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Captain Morgan leaves the Island of Hispaniola, and goes to that of St. Catharine, which he takes.
CAPTAIN MORGAN and his companions weighed anchor from the Cape of Tiburon, the 16th day of December in the year 1670. Four days after they arrived within sight of the Isle of St. Catharine, which was now in possession of the Spaniards again, as was said in the Second Part of this history, and to which they commonly banish all the malefactors of the Spanish dominions in the West Indies. In this island are found huge quantities of pigeons at certain seasons of the year; it Is watered continually by four rivulets or brooks, whereof two are always dry in the summer season. Here is no manner of trade nor commerce exercised by the inhabitants, neither do they give themselves the trouble to plant more fruits than what are necessary for the sustentation of human life; howbeit the country would be sufficient to make very good plantations of tobacco, which might render considerable profit, were it cultivated for that use.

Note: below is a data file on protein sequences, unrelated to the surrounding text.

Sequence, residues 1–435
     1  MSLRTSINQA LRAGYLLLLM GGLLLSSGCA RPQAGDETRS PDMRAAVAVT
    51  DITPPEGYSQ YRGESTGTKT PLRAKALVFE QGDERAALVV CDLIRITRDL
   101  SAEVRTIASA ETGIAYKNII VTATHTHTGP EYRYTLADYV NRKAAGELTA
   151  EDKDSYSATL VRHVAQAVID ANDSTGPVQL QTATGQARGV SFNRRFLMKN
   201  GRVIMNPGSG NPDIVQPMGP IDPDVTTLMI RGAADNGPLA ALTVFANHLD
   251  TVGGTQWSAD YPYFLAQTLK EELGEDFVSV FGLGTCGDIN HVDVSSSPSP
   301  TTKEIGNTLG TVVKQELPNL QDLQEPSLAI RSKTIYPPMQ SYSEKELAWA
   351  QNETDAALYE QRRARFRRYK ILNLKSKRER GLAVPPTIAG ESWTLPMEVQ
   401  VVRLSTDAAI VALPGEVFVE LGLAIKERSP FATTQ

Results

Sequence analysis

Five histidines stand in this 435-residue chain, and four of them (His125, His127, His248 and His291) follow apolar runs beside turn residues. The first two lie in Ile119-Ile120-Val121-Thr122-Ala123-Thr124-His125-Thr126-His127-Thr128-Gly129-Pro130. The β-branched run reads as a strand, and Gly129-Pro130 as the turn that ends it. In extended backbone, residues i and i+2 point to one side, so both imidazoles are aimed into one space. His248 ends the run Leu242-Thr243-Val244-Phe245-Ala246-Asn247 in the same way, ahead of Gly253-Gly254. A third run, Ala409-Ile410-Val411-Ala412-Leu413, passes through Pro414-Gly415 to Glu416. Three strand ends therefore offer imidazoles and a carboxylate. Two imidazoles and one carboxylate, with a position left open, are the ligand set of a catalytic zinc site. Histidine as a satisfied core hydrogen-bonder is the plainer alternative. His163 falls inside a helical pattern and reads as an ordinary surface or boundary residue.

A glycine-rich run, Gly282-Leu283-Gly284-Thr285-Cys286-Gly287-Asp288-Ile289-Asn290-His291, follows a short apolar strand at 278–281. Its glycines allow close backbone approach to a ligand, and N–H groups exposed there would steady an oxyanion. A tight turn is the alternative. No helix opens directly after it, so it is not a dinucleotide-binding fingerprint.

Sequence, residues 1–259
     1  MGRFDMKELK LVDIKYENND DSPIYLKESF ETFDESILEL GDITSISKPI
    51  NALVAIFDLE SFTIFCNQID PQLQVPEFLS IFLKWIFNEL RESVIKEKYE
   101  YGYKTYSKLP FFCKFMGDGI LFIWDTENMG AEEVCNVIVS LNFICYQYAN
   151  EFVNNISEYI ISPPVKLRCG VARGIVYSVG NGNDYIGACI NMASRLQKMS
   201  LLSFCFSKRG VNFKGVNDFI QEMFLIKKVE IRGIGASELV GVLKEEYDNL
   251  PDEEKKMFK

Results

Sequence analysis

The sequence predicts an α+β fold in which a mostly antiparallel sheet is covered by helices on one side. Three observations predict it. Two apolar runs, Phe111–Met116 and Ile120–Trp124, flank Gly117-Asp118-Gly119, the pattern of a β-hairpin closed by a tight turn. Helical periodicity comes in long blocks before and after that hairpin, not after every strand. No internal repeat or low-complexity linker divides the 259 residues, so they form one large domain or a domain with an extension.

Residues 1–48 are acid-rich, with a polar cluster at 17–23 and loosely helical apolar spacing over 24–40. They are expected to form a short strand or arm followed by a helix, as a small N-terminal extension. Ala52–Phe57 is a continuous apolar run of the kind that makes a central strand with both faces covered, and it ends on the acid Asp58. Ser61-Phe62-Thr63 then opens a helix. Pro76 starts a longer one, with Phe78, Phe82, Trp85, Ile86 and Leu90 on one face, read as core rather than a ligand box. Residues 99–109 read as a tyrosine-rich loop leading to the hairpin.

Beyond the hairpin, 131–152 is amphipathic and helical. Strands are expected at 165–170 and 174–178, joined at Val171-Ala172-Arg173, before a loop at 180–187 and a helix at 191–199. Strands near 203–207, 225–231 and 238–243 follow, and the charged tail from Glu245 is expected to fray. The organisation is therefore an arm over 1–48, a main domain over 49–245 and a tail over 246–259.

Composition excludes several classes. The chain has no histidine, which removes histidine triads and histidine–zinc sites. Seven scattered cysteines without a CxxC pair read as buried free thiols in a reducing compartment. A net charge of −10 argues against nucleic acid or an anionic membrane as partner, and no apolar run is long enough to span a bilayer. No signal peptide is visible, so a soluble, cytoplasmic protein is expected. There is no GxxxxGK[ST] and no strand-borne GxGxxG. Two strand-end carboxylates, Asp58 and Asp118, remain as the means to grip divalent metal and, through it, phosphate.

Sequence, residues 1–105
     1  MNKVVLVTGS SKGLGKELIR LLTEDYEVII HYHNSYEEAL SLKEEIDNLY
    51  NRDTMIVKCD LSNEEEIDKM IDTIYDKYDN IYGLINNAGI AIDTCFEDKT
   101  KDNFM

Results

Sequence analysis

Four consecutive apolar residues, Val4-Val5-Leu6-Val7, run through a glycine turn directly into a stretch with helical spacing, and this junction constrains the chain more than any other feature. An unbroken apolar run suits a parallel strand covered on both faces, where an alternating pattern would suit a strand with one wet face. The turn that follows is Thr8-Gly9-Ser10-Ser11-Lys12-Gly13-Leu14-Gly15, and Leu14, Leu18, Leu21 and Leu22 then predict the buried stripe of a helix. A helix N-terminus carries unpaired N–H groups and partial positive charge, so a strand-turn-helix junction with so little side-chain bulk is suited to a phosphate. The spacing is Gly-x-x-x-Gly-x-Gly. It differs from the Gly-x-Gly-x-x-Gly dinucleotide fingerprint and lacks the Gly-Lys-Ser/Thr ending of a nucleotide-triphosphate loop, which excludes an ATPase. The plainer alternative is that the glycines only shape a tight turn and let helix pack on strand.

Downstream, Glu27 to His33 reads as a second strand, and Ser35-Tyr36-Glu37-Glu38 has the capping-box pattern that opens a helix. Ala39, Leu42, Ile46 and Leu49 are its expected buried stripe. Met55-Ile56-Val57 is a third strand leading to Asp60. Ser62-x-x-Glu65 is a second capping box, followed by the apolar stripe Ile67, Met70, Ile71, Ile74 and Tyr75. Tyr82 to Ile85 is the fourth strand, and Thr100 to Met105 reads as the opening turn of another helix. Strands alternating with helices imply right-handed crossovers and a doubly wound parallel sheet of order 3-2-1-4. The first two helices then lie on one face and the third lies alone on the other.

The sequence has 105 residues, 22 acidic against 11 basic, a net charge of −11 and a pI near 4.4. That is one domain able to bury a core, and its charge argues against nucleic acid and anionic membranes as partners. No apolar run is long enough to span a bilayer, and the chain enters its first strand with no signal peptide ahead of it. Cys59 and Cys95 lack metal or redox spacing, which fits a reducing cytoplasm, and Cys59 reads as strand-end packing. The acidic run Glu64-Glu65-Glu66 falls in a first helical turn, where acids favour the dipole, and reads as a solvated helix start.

As soon as Captain Morgan came near the island with his fleet, he sent before one of his best sailing vessels to view the entry of the river and see if any other ships were there who might hinder him from landing; as also fearing lest they should give intelligence of his arrival to the inhabitants of the island, and they by this means prevent his designs.